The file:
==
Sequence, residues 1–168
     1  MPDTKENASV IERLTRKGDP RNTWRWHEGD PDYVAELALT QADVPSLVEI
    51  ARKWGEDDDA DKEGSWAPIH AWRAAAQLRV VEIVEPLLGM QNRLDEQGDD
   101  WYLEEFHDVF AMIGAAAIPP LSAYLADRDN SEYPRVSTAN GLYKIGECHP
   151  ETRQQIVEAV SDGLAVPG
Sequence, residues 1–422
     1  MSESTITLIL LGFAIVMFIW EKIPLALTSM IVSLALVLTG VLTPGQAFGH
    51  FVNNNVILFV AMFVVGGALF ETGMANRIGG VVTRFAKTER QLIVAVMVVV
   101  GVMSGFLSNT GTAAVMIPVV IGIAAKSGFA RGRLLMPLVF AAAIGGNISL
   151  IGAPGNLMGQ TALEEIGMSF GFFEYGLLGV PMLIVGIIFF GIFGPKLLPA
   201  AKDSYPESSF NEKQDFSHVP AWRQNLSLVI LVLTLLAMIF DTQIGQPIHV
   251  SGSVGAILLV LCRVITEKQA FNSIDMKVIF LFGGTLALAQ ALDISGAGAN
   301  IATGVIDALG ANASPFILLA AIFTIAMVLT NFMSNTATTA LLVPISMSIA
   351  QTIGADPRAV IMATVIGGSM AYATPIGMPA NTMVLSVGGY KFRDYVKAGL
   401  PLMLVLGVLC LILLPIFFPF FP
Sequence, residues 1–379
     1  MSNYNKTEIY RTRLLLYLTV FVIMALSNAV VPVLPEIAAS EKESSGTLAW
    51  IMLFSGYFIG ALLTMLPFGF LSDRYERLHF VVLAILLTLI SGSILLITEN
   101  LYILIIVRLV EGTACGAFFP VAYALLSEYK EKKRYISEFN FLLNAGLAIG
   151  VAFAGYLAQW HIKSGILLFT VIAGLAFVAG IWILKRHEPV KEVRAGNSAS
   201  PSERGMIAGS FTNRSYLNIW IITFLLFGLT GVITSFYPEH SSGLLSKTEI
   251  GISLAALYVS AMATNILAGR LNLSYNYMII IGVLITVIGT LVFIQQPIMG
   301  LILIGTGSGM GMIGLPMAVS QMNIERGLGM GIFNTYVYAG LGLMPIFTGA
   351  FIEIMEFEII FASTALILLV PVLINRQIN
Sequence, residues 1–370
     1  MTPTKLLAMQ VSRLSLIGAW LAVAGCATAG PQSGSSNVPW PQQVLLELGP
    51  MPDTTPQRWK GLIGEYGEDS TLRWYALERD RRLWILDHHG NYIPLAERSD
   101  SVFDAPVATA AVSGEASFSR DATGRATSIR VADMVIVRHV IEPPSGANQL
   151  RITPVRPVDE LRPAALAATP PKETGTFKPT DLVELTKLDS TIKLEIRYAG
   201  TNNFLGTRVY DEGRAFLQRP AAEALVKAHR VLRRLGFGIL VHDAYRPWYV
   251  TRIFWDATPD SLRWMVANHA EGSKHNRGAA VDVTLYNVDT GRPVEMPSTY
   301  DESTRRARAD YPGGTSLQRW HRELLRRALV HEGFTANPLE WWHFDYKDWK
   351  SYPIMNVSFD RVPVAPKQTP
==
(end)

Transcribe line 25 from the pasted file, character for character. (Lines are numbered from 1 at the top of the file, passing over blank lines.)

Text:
Sequence, residues 1–370